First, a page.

Python input function in Detail- interesting usecases

by | May 14, 2024 | Python | 0 comments

The input() function in Python is primarily used to take input from the user through the command line. While its most common use is to receive text input, it can be used creatively for various purposes. Here are some interesting uses of the input() function along with examples:

User Authentication:


You can use input() to prompt the user for a username and password, then validate them against a predefined set.

username = input(“Enter your username: “)
password = input(“Enter your password: “)

if username == “admin” and password == “password”:
print(“Welcome, admin!”)
else:
print(“Invalid username or password.”)


Interactive Menu:


Create an interactive menu where the user can select different options using input().

print(“Menu:”)

print(“1. Option 1”)

print(“2. Option 2”)

print(“3. Option 3”)

choice = input(“Enter your choice: “)

if choice == “1”:

    print(“You selected Option 1”)

elif choice == “2”:

    print(“You selected Option 2”)

elif choice == “3”:

    print(“You selected Option 3”)

else:

    print(“Invalid choice”)


You can prompt the user for numeric input and validate it.

while True:
try:
age = int(input(“Enter your age: “))
break
except ValueError:
print(“Invalid input. Please enter a number.”)

print(“Your age is:”, age)


File Input/Output:


Use input() to prompt the user for a filename and then read or write data to that file.

filename = input(“Enter filename: “)

with open(filename, ‘r’) as file:

    data = file.read()

    print(“File content:”, data)


Dynamic Program Behavior:


Allow the user to input parameters to control the behavior of your program.

radius = float(input(“Enter the radius of the circle: “))
area = 3.14 * radius ** 2
print(“Area of the circle:”, area)


Loop Control:


Use user input to control the flow of a loop.

while True:

    user_input = input(“Do you want to continue? (yes/no): “)

    if user_input.lower() == “no”:

        break

    elif user_input.lower() != “yes”:

        print(“Invalid input. Please enter ‘yes’ or ‘no’.”)


Guessing Games:


Create interactive games where the user has to guess a number or word.

import random

number = random.randint(1, 100)

guess = None

while guess != number:

    guess = int(input(“Guess the number (1-100): “))

    if guess < number:

        print(“Too low!”)

    elif guess > number:

        print(“Too high!”)

    else:

        print(“Congratulations! You guessed it right!”)

A tuple, a dictionary, or a list from string input

You can collect a tuple, a dictionary, or a list from string input by parsing the input string and converting it into the desired data structure using Python’s built-in functions and methods. Here’s how you can do it for each data structure:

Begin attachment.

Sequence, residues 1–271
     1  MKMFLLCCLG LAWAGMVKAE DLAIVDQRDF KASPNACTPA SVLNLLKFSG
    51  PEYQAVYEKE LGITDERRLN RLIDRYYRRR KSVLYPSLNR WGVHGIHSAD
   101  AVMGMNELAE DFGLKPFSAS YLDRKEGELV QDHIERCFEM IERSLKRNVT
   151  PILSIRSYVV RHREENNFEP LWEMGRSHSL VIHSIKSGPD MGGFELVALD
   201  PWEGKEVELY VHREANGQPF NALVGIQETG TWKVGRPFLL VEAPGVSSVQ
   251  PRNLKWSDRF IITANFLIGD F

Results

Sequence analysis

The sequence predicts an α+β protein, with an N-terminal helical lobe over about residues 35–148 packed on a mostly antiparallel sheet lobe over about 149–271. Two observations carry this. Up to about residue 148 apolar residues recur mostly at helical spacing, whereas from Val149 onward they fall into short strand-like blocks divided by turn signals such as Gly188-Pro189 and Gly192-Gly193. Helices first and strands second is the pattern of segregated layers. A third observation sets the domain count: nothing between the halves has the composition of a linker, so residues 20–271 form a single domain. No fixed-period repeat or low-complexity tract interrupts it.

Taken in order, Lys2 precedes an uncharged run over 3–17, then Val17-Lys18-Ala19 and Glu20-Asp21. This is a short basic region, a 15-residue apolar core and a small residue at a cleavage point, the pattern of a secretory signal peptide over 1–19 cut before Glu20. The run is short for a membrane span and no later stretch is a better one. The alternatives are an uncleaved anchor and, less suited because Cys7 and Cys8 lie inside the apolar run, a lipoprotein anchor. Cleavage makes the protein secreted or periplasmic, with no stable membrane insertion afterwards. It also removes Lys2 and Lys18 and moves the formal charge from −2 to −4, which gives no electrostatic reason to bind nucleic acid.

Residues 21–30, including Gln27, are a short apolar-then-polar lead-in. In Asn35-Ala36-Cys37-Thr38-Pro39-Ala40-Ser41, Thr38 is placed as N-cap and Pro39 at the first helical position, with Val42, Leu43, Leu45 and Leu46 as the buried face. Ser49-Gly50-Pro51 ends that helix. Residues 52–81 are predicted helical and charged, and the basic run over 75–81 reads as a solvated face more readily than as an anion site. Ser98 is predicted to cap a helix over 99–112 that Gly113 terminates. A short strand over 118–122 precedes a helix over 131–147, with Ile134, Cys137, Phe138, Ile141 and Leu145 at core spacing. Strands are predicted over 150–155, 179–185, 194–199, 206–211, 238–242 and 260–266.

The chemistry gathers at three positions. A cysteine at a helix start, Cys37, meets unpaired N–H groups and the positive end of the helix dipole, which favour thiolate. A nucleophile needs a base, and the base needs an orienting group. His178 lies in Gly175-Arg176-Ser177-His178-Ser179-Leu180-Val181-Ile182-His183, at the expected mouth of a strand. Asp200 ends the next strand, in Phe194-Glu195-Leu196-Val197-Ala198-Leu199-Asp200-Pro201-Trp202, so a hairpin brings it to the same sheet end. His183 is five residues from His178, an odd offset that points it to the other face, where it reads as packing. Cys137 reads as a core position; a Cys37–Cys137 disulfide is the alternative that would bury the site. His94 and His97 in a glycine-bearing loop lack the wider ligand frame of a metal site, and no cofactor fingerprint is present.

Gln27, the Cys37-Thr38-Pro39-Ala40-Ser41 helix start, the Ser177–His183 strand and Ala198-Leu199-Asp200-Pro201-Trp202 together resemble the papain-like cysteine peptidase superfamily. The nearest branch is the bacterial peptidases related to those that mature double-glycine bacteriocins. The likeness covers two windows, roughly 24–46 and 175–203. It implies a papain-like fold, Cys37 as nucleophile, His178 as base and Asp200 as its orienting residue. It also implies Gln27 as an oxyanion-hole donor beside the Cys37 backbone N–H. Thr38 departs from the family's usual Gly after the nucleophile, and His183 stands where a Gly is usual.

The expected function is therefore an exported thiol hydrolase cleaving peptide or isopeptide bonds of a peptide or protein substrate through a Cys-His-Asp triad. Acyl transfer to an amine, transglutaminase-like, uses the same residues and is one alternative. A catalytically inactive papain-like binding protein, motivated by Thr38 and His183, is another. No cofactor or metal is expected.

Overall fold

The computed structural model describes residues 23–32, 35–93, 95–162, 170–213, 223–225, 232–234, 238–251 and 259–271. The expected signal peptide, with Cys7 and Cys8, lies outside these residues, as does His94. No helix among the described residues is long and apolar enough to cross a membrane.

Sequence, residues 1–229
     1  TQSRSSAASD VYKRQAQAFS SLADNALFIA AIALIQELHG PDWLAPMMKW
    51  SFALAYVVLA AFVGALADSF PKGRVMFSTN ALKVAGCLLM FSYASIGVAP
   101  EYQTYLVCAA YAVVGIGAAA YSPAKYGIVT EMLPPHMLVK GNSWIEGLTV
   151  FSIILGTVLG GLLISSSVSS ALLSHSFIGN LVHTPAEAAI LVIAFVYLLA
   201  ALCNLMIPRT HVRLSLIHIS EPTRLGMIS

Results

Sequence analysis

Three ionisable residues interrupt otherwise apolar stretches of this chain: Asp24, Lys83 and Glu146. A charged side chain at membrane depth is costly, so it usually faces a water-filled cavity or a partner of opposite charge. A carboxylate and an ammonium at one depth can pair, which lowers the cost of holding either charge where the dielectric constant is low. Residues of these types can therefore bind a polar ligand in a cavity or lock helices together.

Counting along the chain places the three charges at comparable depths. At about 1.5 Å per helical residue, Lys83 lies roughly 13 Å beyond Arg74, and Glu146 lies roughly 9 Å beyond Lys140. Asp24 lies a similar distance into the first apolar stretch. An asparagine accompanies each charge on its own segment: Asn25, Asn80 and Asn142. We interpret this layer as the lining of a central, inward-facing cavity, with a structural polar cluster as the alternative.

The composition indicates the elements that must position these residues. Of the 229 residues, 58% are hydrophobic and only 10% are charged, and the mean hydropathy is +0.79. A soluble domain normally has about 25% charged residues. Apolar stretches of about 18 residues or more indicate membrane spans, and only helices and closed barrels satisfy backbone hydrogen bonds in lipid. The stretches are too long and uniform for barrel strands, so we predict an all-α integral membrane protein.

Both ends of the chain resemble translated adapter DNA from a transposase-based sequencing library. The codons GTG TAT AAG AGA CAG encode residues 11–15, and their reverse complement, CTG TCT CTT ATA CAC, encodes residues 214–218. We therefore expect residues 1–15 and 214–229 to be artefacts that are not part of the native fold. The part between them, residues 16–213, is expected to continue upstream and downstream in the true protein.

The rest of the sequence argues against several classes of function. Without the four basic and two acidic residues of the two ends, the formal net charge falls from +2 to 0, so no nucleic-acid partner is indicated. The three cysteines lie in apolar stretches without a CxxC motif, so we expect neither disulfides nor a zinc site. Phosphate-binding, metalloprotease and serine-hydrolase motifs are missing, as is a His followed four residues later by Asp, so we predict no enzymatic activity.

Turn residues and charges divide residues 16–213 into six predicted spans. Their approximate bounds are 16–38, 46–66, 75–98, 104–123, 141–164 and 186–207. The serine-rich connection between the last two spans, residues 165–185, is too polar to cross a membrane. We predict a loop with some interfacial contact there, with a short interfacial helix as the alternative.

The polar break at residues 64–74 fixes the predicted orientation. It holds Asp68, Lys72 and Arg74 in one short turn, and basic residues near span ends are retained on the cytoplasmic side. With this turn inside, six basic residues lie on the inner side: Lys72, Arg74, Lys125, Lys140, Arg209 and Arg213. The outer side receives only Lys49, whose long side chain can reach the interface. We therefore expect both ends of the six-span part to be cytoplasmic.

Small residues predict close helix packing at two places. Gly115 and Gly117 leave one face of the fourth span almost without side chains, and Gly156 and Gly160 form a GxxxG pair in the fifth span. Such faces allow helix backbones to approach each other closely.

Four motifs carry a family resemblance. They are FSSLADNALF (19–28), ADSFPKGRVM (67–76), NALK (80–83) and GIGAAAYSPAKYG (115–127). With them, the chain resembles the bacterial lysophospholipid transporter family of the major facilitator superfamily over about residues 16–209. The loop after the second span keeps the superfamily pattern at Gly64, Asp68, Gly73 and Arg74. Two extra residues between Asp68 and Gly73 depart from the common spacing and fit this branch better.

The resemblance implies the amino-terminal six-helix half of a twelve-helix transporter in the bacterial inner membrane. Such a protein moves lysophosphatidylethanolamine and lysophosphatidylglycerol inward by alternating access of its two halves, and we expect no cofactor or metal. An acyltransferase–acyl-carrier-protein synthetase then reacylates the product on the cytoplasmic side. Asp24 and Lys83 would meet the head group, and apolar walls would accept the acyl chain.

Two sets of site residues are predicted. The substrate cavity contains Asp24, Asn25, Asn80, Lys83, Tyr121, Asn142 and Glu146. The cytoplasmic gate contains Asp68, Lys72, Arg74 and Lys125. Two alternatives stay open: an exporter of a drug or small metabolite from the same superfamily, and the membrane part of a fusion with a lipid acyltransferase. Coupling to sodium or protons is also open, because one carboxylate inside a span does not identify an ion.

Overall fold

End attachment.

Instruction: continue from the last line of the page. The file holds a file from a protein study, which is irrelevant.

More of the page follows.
Collecting a Tuple from String Input:

String input format: “(item1, item2, item3, …)”

input_string = input("Enter a tuple (in the format '(item1, item2, item3, …)'): ")

Remove parentheses and split by comma

items = input_string.strip('()').split(',')

Convert items to desired data types and create a tuple

my_tuple = tuple(map(str.strip, items))
print("Tuple:", my_tuple)


Collecting a Dictionary from String Input:

String input format: “{key1: value1, key2: value2, key3: value3, …}”

input_string = input("Enter a dictionary (in the format '{key1: value1, key2: value2, …}'): ")

Remove braces, split by comma, then split each key-value pair by colon

pairs = [pair.split(':') for pair in input_string.strip('{}').split(',')]

Remove leading and trailing spaces from keys and values, then create dictionary

my_dict = {key.strip(): value.strip() for key, value in pairs}
print("Dictionary:", my_dict)


Collecting a List from String Input:

String input format: “[item1, item2, item3, …]”

input_string = input("Enter a list (in the format '[item1, item2, item3, …]'): ")

Remove brackets and split by comma

items = input_string.strip('[]').split(',')

Convert items to desired data types and create a list

my_list = list(map(str.strip, items))
print("List:", my_list)


These examples assume a specific format for the input string (e.g., for tuples, dictionaries, and lists). You may need to adjust the parsing logic according to your specific input format. Additionally, error handling for invalid input should be added as needed to ensure the robustness of your code.

Written by HintsToday Team

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